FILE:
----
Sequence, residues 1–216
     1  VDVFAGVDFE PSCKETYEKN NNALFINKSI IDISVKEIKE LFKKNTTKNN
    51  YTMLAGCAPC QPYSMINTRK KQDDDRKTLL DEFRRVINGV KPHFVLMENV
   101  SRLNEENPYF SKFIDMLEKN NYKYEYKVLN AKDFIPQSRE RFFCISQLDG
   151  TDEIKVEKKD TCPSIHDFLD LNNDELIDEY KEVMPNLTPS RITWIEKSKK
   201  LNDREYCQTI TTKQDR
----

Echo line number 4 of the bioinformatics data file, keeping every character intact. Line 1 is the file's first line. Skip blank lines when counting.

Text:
   101  SRLNEENPYF SKFIDMLEKN NYKYEYKVLN AKDFIPQSRE RFFCISQLDG